Gait abnormalities in patients with chronic ankle instability can improve following a non-invasive biomechanical therapy: A retrospective analysis

Shay Tenenbaum, Ofir Chechik, Jason Bariteau, Nathan Bruck, Yiftah Beer, Mazen Falah, Ganit Segal, Amit Mor*, Avi Elbaz

*Corresponding author for this work

Research output: Contribution to journalArticlepeer-review

Abstract

[Purpose] The purpose of this study was to evaluate the changes in gait patterns and clinical outcomes of patients with chronic ankle instability (CAI) following treatment with a home-based non-invasive biomechanical device. [Subjects and Methods] Thirty-three patients with CAI were compared with 43 healthy controls. Patients underwent a spatiotemporal gait assessment before and three months following treatment. Clinical evaluation was recorded with SF-36 Health Survey and the Foot and Ankle Outcome Score (FAOS). [Results] Significant baseline differences were found between groups. Patients with CAI showed a statistically significant improvement in velocity, cadence, symptomatic limb step length and single limb support over time. Significant improvements in SF-36 PCS and FAOS outcome scores were found in patients with CAI. [Conclusion] Patients with CAI have baseline spatiotemporal gait abnormalities as compared with healthy controls. However, clinical and gait metrics improvement can be expected after 12 weeks of perturbation training using a non-invasive biomechanical device.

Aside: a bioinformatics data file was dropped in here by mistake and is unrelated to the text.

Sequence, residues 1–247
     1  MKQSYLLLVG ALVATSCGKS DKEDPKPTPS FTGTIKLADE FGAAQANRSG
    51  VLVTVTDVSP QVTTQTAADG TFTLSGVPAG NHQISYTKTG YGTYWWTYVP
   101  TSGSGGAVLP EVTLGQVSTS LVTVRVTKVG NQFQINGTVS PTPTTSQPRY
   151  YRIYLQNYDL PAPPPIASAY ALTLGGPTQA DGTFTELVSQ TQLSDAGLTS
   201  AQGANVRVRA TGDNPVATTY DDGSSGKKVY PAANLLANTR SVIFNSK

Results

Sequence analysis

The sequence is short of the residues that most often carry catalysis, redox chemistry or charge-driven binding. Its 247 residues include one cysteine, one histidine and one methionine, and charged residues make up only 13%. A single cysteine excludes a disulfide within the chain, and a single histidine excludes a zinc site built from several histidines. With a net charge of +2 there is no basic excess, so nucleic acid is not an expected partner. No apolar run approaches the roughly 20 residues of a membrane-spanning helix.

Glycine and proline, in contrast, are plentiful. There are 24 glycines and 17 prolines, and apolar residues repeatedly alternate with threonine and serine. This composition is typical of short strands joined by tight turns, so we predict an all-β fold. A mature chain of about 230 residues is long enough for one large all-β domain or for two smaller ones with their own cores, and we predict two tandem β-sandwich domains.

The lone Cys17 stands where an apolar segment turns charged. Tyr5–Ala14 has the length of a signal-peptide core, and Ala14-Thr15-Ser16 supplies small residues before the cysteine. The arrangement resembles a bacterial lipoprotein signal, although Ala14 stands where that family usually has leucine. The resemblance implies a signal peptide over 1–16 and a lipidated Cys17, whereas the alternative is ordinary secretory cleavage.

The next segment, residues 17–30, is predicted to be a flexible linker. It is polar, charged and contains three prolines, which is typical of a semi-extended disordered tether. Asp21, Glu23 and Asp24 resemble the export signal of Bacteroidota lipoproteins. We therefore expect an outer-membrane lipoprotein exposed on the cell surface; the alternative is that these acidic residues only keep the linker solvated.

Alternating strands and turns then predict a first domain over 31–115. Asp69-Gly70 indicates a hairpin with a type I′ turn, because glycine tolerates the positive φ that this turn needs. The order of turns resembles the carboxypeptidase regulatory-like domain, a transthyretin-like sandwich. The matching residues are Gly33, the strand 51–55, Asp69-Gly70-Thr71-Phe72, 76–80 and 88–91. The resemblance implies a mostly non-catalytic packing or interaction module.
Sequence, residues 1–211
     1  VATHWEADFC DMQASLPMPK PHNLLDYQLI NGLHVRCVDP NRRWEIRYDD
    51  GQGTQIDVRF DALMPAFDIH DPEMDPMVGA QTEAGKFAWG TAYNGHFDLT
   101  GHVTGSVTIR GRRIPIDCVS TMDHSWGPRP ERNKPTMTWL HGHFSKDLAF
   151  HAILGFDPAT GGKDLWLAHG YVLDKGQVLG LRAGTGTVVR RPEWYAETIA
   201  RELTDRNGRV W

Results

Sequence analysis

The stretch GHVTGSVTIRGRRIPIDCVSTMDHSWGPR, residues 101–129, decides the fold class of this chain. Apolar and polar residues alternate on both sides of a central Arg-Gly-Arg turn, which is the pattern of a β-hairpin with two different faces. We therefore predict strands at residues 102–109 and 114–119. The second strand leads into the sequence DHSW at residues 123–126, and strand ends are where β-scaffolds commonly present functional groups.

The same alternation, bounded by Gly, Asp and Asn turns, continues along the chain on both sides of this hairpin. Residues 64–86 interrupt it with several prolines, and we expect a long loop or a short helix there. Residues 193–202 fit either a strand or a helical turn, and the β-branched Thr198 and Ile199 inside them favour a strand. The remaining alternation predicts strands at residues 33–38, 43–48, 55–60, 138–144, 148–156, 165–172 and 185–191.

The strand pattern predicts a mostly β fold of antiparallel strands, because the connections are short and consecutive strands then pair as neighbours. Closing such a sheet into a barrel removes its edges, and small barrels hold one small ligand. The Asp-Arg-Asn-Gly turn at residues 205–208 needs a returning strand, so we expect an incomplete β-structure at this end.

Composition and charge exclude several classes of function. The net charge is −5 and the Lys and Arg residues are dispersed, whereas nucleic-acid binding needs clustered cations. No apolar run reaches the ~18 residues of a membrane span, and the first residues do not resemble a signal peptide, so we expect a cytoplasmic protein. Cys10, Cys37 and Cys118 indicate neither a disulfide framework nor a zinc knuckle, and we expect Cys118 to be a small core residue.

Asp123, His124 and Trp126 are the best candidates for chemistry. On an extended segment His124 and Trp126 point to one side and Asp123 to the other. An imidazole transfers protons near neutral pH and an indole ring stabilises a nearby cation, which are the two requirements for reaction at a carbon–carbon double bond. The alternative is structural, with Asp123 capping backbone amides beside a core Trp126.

Original languageEnglish
Pages (from-to)677-684
Number of pages8
JournalJournal of Physical Therapy Science
Volume29
Issue number4
DOIs
StatePublished - 2017
Externally publishedYes

Keywords

  • Biomechanical device
  • Neuromuscular control
  • Walking patterns

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